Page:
This IHE article on writing was a much-needed inspiration today. Single discusses two myths of writing. One, that one can only write in large blocks of time and two, that you need to be motivated to write. I’ve know for years that these are myths and I’ve worked accordingly, writing whenever I could, as I did when writing my dissertation, and writing whether I’ve felt like it or not, which I’ve had to do most of my life. But these are myths that are sometimes hard to dispel when you feel stuck and/or truly unmotivated.
When I look back on my dissertation writing, there are a few things that distinguish it from the current writing I’m doing. One, I didn’t have as much time then. I had a full time job and if I put off writing one day, a long time passed before I’d get back to it. So I set up a routine where I got up at 6 and wrote for an hour before having to get the kids up for school. I also wrote almost every day after dinner. The after-dinner writing was contingent on how my day when. If I was physically and mentally exhausted, then I didn’t write, but I felt okay about it because I’d written in the morning. I spent weekends researching and/or revising, often for large chunks of time. The second big difference was that I had a more focused end goal with people motivating me to reach that goal. My adviser wasn’t emailing me every day or anything, but I’d set a deadline for a section for myself, and even though he may not have noticed if it passed, I could *not* let the deadline pass. I gave myself a couple of extensions, but knowing that someone might be disappointed with me was a huge motivator to get work done on time. It was also nice to know that once I finished my dissertation, there was a pretty big reward waiting for me.
Now I’m faced with vast stretches of time compared to what I had before. I could indeed write for four to six hours a day. (Though I have to absolutely wait until the distractions, aka the kids and the husband, have left for the day. In the last 10 minutes, I’ve had to field at least three questions). So what’s stopping me? Well, there is other stuff to do, for one thing. Housework beckons. I have to shower at some point. I have to go to the grocery store. I have conference calls and presentations to prepare. I let that stuff hover over me. As I’m writing, I’m also often thinking about whether I’ll have enough time to get the laundry done or the shopping done. I’m in just the opposite situation I was in with my dissertation. No one will be disappointed if I don’t write except me, but there are three people (maybe four) who will be disappointed if the house is a mess and there’s no clean underwear. So I focus on that because it’s harder to worry about disappointing myself or about the reward for the writing, which is a long shot at best. Also, there’s some sort of social norm I feel like I’m violating by not showering before noon. I truly am the pajama-clad blogger!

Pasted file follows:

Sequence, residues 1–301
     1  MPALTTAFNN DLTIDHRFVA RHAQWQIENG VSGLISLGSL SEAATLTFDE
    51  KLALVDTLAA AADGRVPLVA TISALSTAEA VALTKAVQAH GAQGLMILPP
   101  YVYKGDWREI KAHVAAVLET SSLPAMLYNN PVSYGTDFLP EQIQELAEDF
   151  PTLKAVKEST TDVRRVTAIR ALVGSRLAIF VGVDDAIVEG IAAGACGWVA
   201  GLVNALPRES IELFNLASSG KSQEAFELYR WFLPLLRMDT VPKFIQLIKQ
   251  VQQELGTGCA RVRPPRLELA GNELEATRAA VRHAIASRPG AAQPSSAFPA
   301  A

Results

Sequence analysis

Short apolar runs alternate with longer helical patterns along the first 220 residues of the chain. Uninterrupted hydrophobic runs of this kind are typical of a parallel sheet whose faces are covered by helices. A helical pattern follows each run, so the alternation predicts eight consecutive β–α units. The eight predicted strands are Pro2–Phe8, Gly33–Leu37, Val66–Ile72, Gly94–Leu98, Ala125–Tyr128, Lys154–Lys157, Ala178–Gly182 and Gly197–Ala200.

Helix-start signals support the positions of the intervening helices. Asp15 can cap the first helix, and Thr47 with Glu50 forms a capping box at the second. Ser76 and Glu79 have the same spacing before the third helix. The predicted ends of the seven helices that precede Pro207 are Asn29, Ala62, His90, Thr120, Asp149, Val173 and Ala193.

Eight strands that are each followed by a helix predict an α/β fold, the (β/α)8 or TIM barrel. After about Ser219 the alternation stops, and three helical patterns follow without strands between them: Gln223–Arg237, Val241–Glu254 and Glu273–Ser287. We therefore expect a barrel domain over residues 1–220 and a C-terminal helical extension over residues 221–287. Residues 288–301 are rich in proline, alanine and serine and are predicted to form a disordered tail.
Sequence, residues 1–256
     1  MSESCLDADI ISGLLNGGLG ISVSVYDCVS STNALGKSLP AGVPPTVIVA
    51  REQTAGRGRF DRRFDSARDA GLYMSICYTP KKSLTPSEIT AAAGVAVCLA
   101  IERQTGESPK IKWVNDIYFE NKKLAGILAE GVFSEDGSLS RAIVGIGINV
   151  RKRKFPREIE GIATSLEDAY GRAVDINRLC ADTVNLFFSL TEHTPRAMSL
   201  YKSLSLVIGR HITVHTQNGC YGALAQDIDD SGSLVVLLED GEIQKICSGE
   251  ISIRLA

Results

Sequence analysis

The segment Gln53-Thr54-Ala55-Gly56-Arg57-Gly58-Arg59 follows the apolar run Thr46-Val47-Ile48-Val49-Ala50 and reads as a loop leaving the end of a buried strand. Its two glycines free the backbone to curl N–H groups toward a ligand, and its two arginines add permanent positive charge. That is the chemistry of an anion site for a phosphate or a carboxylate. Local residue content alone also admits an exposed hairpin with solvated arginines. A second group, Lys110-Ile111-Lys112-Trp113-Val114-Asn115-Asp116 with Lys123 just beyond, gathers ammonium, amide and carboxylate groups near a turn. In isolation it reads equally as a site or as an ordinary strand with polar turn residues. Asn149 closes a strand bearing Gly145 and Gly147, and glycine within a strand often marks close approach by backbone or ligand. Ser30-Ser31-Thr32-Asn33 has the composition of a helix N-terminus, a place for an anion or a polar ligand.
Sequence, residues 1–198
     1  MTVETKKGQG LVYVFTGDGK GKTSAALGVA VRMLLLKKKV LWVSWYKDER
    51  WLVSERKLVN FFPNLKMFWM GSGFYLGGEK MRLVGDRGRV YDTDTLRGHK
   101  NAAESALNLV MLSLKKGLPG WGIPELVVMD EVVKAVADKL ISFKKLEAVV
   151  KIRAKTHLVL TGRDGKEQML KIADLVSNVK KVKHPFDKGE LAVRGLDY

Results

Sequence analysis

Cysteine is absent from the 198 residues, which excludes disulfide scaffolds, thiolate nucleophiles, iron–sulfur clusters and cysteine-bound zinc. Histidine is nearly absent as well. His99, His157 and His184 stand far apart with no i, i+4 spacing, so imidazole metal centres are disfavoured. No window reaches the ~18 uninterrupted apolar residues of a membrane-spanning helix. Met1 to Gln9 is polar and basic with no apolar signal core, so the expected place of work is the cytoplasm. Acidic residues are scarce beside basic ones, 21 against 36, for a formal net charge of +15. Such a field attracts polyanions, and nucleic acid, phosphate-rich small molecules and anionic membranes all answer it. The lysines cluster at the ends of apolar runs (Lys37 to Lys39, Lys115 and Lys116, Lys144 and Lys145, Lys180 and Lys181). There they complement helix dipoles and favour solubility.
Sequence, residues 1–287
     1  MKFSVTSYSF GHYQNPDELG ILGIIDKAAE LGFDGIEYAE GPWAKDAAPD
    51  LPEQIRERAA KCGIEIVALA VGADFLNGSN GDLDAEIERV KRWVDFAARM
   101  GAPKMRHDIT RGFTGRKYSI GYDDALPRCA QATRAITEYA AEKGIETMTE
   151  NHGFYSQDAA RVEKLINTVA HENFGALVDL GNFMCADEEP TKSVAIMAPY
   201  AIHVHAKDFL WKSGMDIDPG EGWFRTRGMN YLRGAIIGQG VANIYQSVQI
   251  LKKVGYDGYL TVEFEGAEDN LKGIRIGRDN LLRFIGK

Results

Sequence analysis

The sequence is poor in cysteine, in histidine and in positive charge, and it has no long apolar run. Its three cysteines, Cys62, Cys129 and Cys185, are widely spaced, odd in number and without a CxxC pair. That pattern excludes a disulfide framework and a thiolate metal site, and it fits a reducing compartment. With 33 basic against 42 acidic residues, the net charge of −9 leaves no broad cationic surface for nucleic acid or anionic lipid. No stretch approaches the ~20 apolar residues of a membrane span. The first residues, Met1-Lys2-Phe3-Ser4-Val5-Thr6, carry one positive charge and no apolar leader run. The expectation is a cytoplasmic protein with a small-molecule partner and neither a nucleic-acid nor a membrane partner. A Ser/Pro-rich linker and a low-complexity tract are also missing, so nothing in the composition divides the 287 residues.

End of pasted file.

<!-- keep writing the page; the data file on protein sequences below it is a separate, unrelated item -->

Single suggests writing for no more than four hours/day. She says in fact, to find the amount of time that works for you. For the last couple of months, I have written almost every day for at least an hour and most of the time for at least two hours. I have tried not to beat myself up if I miss a day or to worry too much if I stop after an hour. I was about to write that unlike Single’s audience, my career is not on the line if I don’t write, but that’s exactly where I am, by my own choice, and that’s exactly why I feel anxious. I feel like two hours is nothing, especially when I theoretically have all the time in the world. But maybe two hours is what works for me, and I need to start being okay with that.